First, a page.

It is important to do this without self-judgement, whether of approval or disapproval. Keep your attention fixed on your desire to hand over all these worries about self, and do not clutch at them as if they were a treasured possession.
(adapted from God of Surprises by Gerry W Hughes SJ)
Sit in your chair, upright but comfortable, with your back supported.
Now just notice the sounds that you can hear, sounds far away. Just hear them, don't even try to name them.....
Notice fainter sounds, then sounds which are nearer. Just listen, become aware of them.....
And the sound of your own heartbeat, faint, but your own rhythm of life....
And the sound of silence in your place of prayer, the silence within yourself....
Listen like this for a few minutes.
(adapted from Praying in Lent by Donal Neary SJ)
The world is charged with the grandeur of God.
It will flame out, like shining from shook foil;
It gathers to a greatness, like the ooze of oil
Crushed. Why do men then now not reck his rod?
Generations have trod, have trod, have trod;
And all is seared with trade; bleared, smeared with toil;
And wears man's smudge and shares man's smell: the soil
Is bare now, nor can foot feel, being shod.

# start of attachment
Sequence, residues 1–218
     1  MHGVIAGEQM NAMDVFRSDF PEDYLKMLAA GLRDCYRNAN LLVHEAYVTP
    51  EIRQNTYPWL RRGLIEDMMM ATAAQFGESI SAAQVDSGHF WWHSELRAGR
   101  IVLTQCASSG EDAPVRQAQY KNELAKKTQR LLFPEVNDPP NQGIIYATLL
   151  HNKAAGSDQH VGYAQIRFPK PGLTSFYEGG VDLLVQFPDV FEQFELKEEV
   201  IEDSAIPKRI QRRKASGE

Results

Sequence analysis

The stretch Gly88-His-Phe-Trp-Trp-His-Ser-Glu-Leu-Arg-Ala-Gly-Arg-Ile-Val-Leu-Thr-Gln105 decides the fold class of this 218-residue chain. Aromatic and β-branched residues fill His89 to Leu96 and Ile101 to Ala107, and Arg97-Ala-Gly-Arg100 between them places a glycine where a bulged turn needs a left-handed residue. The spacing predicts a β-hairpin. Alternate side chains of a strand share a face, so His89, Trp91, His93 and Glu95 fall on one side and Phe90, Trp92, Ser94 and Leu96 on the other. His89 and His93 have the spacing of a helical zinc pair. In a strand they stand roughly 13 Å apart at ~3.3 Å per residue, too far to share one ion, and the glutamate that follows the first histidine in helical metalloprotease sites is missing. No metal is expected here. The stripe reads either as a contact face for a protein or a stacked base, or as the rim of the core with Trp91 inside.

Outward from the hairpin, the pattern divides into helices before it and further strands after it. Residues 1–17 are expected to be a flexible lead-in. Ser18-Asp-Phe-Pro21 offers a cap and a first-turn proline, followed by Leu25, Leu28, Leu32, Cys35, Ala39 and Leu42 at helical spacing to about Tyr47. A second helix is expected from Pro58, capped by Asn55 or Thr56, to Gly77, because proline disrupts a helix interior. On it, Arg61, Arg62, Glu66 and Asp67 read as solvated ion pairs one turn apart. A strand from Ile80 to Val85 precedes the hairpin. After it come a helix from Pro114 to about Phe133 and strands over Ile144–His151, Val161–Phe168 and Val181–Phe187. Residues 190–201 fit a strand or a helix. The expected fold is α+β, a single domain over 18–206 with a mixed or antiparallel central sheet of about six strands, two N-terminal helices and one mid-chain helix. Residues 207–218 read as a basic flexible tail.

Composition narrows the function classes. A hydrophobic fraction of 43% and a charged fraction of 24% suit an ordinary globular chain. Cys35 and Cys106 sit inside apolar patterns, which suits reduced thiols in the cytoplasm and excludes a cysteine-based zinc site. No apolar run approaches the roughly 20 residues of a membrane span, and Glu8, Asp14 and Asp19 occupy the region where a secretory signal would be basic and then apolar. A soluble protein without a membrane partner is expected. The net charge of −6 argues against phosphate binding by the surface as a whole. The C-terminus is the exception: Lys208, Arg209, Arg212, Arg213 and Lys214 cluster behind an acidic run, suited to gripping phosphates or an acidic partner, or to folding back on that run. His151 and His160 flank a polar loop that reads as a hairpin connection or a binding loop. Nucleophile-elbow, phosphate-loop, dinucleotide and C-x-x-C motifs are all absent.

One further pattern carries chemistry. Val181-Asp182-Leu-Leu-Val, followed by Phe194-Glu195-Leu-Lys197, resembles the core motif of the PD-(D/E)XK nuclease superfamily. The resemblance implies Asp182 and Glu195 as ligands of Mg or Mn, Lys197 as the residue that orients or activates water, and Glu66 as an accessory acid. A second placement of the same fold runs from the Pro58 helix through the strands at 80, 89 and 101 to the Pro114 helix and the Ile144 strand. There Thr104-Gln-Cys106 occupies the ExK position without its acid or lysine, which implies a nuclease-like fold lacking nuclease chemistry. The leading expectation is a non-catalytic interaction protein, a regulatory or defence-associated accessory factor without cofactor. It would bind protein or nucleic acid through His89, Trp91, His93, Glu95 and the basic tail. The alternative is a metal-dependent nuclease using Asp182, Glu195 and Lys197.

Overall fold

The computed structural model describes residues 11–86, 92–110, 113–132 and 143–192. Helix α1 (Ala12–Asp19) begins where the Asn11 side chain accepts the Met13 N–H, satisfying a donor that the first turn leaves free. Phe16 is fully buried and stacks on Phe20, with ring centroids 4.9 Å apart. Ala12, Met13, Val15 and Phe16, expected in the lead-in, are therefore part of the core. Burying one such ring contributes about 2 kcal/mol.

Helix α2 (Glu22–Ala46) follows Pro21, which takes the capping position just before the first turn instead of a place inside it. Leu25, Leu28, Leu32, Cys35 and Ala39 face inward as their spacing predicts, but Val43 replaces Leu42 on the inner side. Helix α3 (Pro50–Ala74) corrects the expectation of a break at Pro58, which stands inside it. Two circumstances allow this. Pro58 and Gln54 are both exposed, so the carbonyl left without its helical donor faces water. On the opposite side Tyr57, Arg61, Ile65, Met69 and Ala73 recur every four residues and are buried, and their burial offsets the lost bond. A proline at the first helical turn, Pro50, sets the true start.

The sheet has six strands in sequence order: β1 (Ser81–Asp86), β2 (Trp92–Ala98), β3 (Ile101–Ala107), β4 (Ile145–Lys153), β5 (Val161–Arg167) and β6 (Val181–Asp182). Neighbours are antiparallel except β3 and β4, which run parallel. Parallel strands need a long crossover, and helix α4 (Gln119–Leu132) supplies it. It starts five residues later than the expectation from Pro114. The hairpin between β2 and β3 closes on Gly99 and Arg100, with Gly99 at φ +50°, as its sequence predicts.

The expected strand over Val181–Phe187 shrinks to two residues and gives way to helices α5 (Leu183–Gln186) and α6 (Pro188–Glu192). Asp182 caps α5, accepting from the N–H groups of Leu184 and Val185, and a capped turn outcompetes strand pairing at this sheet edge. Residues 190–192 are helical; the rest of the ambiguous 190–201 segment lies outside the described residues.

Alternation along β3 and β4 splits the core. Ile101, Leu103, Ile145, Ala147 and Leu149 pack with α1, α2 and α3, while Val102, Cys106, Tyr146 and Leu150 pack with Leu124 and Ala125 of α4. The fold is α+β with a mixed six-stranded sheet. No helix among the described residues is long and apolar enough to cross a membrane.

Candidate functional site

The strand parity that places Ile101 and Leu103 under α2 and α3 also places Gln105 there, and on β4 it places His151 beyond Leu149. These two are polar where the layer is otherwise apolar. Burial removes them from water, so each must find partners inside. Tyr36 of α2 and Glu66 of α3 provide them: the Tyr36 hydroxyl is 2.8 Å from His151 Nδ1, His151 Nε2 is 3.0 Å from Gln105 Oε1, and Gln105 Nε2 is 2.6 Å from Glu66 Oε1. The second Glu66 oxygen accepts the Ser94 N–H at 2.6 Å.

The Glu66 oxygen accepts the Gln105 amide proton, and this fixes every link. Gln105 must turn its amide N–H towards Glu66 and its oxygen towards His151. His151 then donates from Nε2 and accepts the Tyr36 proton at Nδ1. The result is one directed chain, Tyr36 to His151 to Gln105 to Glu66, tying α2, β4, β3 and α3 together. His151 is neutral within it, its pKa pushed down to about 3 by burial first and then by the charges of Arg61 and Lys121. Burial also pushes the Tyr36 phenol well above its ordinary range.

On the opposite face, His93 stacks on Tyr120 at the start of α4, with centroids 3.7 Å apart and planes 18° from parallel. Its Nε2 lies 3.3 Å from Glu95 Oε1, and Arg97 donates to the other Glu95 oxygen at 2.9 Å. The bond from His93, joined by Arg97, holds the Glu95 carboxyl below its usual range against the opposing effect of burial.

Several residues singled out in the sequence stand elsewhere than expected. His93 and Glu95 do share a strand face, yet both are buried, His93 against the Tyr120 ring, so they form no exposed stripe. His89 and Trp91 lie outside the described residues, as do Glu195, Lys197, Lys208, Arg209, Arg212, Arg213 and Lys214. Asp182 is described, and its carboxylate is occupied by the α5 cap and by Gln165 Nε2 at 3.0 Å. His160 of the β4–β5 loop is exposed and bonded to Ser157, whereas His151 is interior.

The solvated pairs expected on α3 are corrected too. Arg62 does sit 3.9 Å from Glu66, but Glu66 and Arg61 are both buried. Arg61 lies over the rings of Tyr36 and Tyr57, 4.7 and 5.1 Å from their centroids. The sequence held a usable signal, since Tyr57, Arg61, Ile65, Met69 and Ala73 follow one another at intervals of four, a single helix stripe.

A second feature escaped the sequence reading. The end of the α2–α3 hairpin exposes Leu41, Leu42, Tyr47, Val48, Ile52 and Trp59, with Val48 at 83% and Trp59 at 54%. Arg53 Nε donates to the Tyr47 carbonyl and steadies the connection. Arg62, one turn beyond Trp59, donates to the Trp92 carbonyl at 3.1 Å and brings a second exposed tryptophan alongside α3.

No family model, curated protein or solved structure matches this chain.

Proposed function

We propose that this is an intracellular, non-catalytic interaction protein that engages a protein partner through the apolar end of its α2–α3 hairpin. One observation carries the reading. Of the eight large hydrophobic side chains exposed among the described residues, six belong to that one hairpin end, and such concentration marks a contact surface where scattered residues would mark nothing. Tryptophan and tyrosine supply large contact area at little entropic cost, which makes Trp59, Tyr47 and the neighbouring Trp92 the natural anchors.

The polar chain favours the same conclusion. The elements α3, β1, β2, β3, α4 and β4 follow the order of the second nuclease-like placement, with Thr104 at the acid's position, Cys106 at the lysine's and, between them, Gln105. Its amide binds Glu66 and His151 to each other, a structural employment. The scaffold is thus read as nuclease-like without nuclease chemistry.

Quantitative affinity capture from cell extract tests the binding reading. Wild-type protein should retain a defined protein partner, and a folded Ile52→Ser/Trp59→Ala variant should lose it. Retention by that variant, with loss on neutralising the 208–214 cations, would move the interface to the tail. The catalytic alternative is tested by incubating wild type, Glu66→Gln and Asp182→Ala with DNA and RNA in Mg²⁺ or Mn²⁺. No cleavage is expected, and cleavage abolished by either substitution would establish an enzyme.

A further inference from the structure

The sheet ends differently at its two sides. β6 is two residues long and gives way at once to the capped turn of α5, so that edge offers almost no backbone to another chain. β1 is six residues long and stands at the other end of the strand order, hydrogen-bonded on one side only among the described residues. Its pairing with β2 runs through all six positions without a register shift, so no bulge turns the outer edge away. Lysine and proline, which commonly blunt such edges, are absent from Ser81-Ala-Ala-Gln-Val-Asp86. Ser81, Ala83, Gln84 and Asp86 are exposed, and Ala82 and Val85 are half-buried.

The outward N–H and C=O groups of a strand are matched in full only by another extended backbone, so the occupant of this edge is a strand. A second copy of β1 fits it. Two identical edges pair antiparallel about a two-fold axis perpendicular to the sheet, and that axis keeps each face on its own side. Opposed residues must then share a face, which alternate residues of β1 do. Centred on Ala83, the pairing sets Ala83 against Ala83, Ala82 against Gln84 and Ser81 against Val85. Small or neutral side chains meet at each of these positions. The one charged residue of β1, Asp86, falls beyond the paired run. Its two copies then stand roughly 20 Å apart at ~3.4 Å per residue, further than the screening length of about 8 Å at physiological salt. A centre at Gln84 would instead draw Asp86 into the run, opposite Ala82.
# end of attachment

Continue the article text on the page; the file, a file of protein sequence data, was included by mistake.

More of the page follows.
And for all this, nature is never spent;
There lives the dearest freshness deep down things;
And though the last lights off the black West went
Oh, morning, at the brown brink eastward, springs -
Because the Holy Ghost over the bent
World broods with warm breast and with ah! bright wings.
- Written by Gerard Manley Hopkins
This prayer helps us to put ourselves at God's disposal. Saint Ignatius describes this 'Preparatory prayer' as asking for 'the grace that all my intentions, actions and operations may be directed purely to the praise and service of the Divine Majesty.' (The Spiritual Exercises, no. 46) You might try these words:
Lord, I so wish to prepare well for this time.
I so want to make all of me ready and attentive and available to you.
Please help me to clarify and purify my intentions.
I have so many contradictory desires.
I get preoccupied with things that don't really matter or last.
I know that if I give you my heart,
whatever I do will follow my new heart.
In all that I am today, all that I try to do,
all my encounters, reflections - even the frustrations and failings
and especially in this time of prayer,
in all of this may I place my life in your hands.
Lord, I am yours. Make of me what you will. Amen.
What is a Review of Consciousness?
If it is true that God is at work in every detail of our lives, how do we begin to recognise his action and our reaction?
At the end of the day, especially before going to sleep, the mind, without any conscious effort on our part, tends to play back some of the events of the day so vividly that if the day has been particularly eventful we can find it difficult to get to sleep. We may find ourselves re-enacting a quarrel, thinking of the clever and cutting things we might have said if we had been more quick-witted, and so on.
The Review of Consciousness is based on this natural tendency of the mind. It can help us to be more aware of God's presence and action in our daily lives, and to be more sensitive to where we are cooperating with God's grace and where we are refusing it.